The UK mainland is without doubt under siege from an over populated prison system that is bordering on malpractice, and is non functional to certain groups of criminal acts. We've seen in the walls of Westminster that unethical practices are allowed and rewarded, most of which are deemed as illegal in any other walk of life. - Under the Freedom of Information Act 2000 there are published stats that prize a scary trend. Only 12 people for every 1,000 crimes in the UK leads to final prosecution; compared to 33 per 1,000 crimes in Ireland. - The frightening stats in UK mainland are proof that the HO is in turmoil and is not fit for purpose. This isn't just a coincidence; criminals have never had it so good.

            It doesn't surprise me that this last week the butter fisted Chancellor Alistair Darling has claimed the recession maybe over, after reaping a 0.2 rise in UK growth in the last three months, hardly earth shattering figures. It comes after the fact that Griffin has reaped a mass amount of tabloid lineage that will inevitably cause a hornet stir within Westminster.

            Now that bullet-proof Jacqui Smith left the HO in a blaze of 'Jacqui does Westminster' DVD pursuits; who was the worse ever HO Cabinet Minister. It doesn't surprise me that the laughable police duties are there to counter-act against stopping prosecution. In my case I have to pay to get information, by ring absurd number combinations to leave messages which the ever changeable officers do not contact you. It is just a ploy to give the impression the 'wheels on the bus are turning' not that they actually are.

            I do not feel protected by this failing state. - I am not protected full stop. Stricter levels of deterrents require to be implemented before it gets anywhere near this stage, the brand anti-social tag is barely a slap on the hand. Tough times call for tough measures, and quite honestly the shift patterns of a police enforcement officer is punishing. Health experts claim that there is a direct link to strokes and workers who work shifts, but I bet police aren't even given life insurance as is the fireman. Public servants left out in the cold every step of the way.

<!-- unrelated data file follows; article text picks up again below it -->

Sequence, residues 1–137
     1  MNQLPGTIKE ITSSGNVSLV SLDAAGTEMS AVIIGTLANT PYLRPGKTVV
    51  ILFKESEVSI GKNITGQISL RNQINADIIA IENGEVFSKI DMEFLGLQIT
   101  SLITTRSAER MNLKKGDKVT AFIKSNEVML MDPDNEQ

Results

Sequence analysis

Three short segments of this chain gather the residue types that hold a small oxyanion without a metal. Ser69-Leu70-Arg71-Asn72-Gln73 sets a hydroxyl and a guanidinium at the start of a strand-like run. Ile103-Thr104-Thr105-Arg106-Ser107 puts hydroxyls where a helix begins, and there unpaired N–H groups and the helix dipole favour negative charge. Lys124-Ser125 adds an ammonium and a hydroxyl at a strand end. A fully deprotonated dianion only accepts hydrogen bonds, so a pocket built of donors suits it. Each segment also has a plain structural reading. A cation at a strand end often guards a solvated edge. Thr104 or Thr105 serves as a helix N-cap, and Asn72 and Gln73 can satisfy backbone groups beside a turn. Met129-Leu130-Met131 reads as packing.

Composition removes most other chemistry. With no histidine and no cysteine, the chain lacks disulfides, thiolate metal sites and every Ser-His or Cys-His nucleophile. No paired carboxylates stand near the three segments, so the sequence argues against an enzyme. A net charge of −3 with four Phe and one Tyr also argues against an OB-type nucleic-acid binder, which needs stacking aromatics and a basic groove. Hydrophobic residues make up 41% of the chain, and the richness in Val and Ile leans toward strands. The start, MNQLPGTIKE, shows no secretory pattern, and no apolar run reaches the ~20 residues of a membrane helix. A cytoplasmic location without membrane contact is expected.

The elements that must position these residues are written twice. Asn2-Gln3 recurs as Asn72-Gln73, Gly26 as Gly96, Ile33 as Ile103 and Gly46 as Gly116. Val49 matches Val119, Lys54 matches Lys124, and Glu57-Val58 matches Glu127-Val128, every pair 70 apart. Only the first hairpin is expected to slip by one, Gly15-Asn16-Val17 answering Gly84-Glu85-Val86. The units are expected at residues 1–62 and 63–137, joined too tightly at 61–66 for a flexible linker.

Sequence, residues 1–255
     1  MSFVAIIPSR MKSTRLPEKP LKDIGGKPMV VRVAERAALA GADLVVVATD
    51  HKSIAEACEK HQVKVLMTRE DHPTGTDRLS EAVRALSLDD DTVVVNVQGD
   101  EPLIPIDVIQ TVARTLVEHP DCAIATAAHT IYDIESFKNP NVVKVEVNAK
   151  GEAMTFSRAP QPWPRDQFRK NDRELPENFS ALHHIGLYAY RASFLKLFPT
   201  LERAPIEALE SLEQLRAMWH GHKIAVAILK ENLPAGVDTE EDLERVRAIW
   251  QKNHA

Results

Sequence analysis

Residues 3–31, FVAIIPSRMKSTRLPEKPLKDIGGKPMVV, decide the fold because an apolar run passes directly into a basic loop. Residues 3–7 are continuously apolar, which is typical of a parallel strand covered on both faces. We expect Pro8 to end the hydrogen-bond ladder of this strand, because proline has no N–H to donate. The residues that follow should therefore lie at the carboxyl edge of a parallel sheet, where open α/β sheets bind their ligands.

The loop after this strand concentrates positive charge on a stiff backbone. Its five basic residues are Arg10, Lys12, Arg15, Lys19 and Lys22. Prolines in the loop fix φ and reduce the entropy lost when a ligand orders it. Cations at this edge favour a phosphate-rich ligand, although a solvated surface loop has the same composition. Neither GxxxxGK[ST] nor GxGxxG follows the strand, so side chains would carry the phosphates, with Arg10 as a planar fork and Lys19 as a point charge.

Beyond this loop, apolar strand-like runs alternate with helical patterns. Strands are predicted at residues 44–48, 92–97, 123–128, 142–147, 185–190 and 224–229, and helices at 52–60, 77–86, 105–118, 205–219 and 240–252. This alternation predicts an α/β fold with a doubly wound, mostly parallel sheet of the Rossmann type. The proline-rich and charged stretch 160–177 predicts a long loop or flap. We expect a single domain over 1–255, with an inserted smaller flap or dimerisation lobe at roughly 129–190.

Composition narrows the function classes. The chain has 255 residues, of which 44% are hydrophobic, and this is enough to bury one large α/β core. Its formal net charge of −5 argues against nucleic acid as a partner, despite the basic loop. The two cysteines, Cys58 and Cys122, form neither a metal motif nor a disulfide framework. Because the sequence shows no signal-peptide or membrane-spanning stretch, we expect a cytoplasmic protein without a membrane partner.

The HO has blood on their hands when it comes to the Pilkington case, or ignored case, as it so happens. The absolute neglect of evil abuse that made life unbearable for Fiona Pilkington; is only one story that made the headlines. There are many like her. Ethnic gangs full of hate and no belonging has and will continue to make a mockery of our current system. It is time for a justice system to strike fear into the hearts of thugs. It's about time Britain was 'Great' again.

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              23.07.2009 13:24
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              Good

              Yes

              West Midlands Police was formed on April 1, 1974, with a strength of 5,282 officers. It incorporated Birmingham City Police, West Midlands Constabulary (Dudley, Walsall, Wolverhampton and Oldbury), Coventry, Solihull, Chelmsley Wood, Sutton Coldfield and Halesowen.

              Today, it is the second largest force in the country, covering 348 sq miles and a population of 2.63 million. It has a strength of over 8,300 officers and 4,000 civilian staff.

              The force is headed by a Chief Constable who is appointed by a Police Authority, made up of elected councillors, magistrates and independent members.

              The Chief Constable is jointly responsible with the West Midlands Police Authority and the Home Office, for running a police service for the area.

              The Chief Constable is based at Lloyd House headquarters in Birmingham and is supported by five assistant chief constables, a director of personnel and a director of administration. Each assistant chief constable has a specific area of responsibility, eg, crime, operations, community affairs, etc.

              The force is divided into 21 operational command units (OCUs) covering the whole region. A senior superintendent is responsible for each OCU, which is divided into a number of sectors.

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                07.06.2009 18:47
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                As a whole a very reliable service.

                I have always been brought up to respect the police and trust them to do what is right. I have had several issues were I have come in contact with them over the last 20 years or so. First time was when I was a lot younger and was sadly arrested for being drunk and incapable. This is were you are at risk to yourself and they put you in custody until you have sobered up. I must admit I was worse for wear and I do not recall a lot of what happened, but I do remember a police officer taking £60 off me and pocketing it. The next morning I asked for it and they denied any knowledge. I was no way in a position to complain - I mean who would they have believed?

                Other occasions have been at football matches were they appear to think that all of us are hooligans. Running horses at you to keep you in line. This is what I get most annoyed about.